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Singer Sean Levert Dies At 39

Singer Sean Levert, son of O'Jays lead singer Eddie Levert and brother of the late R&B singer Gerald Levert, died Sunday night after a medical emergency in jail. He was 39.

Authorities said Monday that an autopsy was inconclusive but foul play was ruled out.

Levert was sent to the Cuyahoga County jail last week for failing to pay child support. He died at Lutheran Hospital in Cleveland late Sunday, less than an hour after he was taken there from the jail, said coroner Frank Miller.

Photos: 2008 Rock & Roll Hall of Fame
Gerald Levert was 40 when he died in 2006 of an accidental mix of prescription and over-the-counter drugs.

The family issued a statement Monday afternoon saying: "There are no words that can express what we are feeling today. There is no song that can capture the loss that we have in our hearts. But we are humbly overwhelmed by the generous outpouring of love, condolences and support from the many friends, fans and admirers of our son Sean. At this very difficult time, we thank you for your prayers and hope you will understand our need for privacy."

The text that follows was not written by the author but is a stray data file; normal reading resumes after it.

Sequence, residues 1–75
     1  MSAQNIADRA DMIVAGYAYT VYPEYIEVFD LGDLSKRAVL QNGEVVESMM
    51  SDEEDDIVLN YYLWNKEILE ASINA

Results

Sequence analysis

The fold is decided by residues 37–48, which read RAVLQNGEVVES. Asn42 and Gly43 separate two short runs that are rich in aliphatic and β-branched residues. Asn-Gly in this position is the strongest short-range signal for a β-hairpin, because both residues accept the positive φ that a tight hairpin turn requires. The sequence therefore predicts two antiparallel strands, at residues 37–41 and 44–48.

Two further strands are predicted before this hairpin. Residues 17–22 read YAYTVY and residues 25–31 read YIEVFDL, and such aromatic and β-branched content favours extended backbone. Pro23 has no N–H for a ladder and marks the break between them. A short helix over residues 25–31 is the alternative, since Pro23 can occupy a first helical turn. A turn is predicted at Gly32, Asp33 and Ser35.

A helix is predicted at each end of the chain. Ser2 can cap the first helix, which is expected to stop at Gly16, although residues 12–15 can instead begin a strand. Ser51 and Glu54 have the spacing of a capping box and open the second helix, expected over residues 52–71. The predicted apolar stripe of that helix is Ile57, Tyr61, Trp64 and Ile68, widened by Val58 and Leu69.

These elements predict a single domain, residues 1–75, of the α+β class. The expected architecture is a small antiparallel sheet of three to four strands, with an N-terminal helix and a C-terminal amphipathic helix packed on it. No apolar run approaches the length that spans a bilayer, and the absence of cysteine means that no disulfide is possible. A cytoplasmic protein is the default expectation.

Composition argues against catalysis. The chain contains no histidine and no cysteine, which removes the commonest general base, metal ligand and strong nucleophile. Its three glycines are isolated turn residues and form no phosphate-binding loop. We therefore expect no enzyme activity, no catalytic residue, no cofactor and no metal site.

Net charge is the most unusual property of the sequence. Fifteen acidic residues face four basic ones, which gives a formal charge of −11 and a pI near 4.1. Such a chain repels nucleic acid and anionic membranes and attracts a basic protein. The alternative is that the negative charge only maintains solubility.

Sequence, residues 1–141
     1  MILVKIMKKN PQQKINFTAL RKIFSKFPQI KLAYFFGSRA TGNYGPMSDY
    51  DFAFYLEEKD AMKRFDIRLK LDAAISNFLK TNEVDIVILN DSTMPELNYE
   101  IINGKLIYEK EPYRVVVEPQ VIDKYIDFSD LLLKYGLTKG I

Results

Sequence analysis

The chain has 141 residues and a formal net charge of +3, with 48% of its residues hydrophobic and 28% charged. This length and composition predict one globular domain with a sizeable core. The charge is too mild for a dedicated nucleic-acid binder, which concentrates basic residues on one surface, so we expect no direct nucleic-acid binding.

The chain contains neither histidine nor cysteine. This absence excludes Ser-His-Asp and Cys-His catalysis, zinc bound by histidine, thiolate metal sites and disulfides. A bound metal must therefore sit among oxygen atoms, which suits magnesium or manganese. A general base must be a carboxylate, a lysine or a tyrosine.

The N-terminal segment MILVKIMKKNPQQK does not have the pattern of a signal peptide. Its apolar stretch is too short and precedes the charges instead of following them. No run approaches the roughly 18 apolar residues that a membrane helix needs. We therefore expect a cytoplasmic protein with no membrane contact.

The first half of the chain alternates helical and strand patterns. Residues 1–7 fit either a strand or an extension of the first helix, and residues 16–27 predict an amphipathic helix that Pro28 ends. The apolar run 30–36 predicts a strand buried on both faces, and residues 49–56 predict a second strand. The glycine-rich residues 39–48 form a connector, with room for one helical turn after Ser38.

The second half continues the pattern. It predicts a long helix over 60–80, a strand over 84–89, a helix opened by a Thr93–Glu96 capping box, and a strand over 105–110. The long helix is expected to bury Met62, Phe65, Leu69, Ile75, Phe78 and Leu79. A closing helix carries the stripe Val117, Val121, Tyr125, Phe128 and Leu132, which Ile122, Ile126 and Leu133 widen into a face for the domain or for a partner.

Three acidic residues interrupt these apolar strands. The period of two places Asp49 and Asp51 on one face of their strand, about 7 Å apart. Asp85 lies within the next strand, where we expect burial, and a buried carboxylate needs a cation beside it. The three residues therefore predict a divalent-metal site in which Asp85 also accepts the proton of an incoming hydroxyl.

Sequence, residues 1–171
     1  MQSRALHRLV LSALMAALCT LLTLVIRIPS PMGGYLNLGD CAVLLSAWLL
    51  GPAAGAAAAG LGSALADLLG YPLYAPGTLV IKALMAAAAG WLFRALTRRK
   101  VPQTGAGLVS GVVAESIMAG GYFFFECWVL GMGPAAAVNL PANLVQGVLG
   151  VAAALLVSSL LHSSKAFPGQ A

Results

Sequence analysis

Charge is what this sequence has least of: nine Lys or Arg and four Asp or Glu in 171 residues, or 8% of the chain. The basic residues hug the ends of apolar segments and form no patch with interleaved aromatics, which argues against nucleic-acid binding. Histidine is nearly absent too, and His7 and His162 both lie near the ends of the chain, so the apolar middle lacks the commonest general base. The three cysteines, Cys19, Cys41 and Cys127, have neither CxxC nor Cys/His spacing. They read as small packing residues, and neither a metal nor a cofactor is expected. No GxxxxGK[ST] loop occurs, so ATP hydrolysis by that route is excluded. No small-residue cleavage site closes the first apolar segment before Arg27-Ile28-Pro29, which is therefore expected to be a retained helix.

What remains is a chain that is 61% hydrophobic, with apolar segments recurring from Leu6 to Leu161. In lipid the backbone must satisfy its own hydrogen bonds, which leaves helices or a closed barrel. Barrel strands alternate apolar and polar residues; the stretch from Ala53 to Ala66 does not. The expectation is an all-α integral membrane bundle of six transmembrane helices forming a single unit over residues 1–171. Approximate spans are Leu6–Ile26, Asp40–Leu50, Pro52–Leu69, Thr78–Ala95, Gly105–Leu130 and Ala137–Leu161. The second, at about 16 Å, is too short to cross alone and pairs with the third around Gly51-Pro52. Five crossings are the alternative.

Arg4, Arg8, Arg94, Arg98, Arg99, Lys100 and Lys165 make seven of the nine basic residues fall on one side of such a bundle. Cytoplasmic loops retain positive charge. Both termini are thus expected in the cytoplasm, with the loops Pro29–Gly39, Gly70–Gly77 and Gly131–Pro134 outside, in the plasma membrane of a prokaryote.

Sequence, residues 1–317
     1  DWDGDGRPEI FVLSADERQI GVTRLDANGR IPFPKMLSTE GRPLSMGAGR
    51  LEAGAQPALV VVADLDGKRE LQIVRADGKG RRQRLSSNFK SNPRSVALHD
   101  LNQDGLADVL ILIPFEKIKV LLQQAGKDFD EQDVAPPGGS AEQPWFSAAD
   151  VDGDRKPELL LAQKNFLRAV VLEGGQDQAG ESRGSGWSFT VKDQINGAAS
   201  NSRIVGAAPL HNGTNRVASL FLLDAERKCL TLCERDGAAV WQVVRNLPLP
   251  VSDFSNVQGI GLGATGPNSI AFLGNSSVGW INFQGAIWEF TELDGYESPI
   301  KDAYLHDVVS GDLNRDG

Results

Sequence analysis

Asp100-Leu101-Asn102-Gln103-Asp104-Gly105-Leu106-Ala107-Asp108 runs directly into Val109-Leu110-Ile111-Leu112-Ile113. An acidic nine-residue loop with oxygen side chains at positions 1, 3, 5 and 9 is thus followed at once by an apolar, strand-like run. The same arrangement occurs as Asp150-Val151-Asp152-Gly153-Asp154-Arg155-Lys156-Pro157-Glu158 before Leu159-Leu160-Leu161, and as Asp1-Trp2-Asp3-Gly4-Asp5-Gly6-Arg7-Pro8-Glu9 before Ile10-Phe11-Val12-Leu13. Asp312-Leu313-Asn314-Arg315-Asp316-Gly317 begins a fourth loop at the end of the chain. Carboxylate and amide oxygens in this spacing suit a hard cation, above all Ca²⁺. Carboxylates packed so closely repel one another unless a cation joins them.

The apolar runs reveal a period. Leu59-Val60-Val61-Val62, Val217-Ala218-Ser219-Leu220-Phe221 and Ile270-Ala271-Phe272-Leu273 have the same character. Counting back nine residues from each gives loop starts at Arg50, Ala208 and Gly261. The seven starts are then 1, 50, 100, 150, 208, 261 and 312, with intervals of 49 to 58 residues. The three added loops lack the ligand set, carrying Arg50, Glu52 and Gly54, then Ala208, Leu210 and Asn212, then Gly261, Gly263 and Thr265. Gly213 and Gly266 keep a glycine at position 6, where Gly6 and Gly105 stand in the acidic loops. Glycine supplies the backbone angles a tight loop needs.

Record producer Edwin "Tony" Nicholas, a long-time collaborator with members of the Levert family, said that Sean Levert was devasted by the death of his brother.

"I'm even wondering if that had something to do with why he's not here now," Nicholas told the Cleveland Plain Dealer in an interview Monday.

"Sean was just a joy to be around. ... You just couldn't get mad at him. He was always good-natured, just an all-around fun guy."

The Levert brothers and childhood friend Marc Gordon were part of the R&B trio LeVert. Their hits included "(Pop, Pop, Pop, Pop) Goes My Mind" and "Casanova."

"Casanova" was nominated for a Grammy in 1988 for best R&B performance by a duo or group with vocal. It was also nominated for best R&B song.

At Gerald Levert's funeral service in November 2006, Sean Levert and his father performed "Dance With My Father" and personalized the words for Gerald. The elder Levert's group, the O'Jays, was known for such smash hits as "Back Stabbers" and "Love Train."

The autopsy done Monday provided no immediate evidence of cause of death, according to Powell Caesar, a spokesman for the Cuyahoga County's coroner's office.

Levert suffered from high blood pressure and had been hallucinating in jail, Caesar said. Toxicology reports could take four to six weeks, he said.

Warden Kevin McDonough said earlier that Levert had been sick and guards were watching him at the jail's regular cellblock because he had been acting strangely.

Sean Levert had pleaded guilty last week to six counts of nonsupport involving children ages 11, 15 and 17.

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